Congress just approved a much needed replenishment of the of the Paycheck Protection Program.
The first round of funding ran out in less than two weeks, so now some local restaurateurs who were able to get funding in the first round are offering advice and also some potential issues that may arise.
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71 Above restaurant's sweeping views from downtown L.A. is normally a selling point for this high-end restaurant, but without an easy way to offer food delivery from this high above - the doors have been shut to customers and hundreds of employees since mid-March.
"From that day on, as I said, my number one goal in life was to get people back on payroll and I'm doing that starting today," said Emil Eyvazoff, owner of 71 Above, Takami Sushi & Robata Restaurant.
It's been an emotional few weeks for owner Eyvazoff, but on Tuesday he finally received a loan from the Paycheck Protection Program.
It's all thanks to a small bank in North Carolina, not the big bank with which he typically does business. And he wants other restaurateurs to do the same for the next round of funding.
"Try to get into a queue that's shorter in a bank that is more of a high-touch situation, that's lower numbers and is focused on quality versus quantity," said Eyvazoff.
MORE: Lawsuit alleges banks prioritized larger PPP loan amounts for small businesses
Karen Ross of the home-style restaurant Tally Rand in Burbank also got assistance through a small bank and is finally getting employees back on payroll.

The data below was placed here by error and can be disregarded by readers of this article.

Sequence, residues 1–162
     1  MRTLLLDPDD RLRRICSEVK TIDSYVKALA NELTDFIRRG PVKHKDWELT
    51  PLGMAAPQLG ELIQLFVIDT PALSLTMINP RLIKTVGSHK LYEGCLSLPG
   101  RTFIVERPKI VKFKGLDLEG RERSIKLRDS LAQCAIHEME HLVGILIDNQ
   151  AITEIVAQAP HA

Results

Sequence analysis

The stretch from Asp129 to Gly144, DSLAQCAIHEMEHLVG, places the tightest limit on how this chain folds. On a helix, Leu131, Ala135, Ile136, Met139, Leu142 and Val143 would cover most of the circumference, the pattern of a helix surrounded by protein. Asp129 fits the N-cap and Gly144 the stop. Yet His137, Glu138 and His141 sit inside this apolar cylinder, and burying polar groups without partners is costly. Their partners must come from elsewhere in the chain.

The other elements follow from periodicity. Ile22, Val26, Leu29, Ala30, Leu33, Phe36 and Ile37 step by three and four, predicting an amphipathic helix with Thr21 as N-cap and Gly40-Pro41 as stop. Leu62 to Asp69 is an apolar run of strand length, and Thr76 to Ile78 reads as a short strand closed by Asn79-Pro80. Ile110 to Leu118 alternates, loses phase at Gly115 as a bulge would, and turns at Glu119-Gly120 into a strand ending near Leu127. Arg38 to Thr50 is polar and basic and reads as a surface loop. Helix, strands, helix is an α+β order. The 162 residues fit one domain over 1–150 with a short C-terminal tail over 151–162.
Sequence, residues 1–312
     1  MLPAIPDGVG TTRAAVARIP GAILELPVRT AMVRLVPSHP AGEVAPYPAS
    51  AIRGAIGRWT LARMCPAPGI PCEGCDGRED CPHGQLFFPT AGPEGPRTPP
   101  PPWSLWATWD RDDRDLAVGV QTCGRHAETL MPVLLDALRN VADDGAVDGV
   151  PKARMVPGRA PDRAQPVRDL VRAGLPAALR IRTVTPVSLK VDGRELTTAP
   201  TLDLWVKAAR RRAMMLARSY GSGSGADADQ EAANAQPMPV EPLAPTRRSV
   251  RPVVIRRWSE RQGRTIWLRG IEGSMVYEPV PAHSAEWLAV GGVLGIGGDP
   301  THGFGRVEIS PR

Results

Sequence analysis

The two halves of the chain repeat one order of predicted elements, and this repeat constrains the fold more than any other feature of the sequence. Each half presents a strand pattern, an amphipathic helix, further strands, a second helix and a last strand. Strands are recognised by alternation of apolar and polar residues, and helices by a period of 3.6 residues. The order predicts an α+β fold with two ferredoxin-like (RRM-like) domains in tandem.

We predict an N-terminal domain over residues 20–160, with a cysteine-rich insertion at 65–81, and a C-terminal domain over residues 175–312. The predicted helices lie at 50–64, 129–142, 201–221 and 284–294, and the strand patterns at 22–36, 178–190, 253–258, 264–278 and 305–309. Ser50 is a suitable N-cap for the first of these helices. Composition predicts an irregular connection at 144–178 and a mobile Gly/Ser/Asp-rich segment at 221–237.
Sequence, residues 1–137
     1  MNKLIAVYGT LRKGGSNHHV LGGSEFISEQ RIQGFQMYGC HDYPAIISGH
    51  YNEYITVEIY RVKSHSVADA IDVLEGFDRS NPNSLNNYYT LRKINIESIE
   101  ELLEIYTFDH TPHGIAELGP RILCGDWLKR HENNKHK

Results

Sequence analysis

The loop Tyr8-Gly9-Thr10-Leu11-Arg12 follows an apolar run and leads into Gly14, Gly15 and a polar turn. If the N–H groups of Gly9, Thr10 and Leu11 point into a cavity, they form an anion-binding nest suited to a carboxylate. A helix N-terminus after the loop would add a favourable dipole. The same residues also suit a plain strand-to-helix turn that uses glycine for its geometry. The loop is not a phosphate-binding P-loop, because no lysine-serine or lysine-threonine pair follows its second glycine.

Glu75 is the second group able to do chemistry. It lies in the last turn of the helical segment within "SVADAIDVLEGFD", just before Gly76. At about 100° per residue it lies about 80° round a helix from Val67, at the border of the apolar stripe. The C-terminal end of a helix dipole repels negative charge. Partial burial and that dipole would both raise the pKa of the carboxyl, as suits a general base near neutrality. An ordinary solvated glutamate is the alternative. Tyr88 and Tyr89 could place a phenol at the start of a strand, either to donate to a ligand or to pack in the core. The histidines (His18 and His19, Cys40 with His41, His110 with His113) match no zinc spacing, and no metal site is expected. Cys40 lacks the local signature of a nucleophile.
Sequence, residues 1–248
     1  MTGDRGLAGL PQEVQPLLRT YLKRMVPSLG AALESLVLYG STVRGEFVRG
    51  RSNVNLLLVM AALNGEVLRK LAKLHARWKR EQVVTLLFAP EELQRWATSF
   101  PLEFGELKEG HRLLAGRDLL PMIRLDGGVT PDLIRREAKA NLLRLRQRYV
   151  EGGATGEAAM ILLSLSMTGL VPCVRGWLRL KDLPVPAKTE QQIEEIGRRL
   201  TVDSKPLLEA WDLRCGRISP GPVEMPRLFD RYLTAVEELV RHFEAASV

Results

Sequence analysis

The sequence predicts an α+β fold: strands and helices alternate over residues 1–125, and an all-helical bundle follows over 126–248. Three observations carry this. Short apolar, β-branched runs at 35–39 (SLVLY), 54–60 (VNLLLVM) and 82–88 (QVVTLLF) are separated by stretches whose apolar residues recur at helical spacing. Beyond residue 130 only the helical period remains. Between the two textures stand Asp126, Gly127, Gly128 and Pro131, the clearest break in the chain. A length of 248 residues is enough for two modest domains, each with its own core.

"So to finally hear that yes we got funded through a small bank is an incredible relief because so much of the country in small businesses is just struggling," said Ross.
Ross says the good news didn't last long because unemployment benefits for her furloughed employees are better than what she can pay them. Right now they're getting $600 a week in addition to their unemployment benefits because of the CARES Act.
"Unemployment has made it so lucrative for employees that I furloughed in March to go on unemployment, that they don't really want to come back. They're making much more money not working," said Ross.
Ross says she's about 20 employees short, and her forgiveness on her loan is impacted by how many employees she can get back on payroll.
Another issue for these restaurant owners is -- what to do when the funding runs out and loans cannot continue to cover their payroll, which is expected to last two months? Eyvazoff says he's concerned he may have to lay off his employees once again in the summer if business does not pick back up.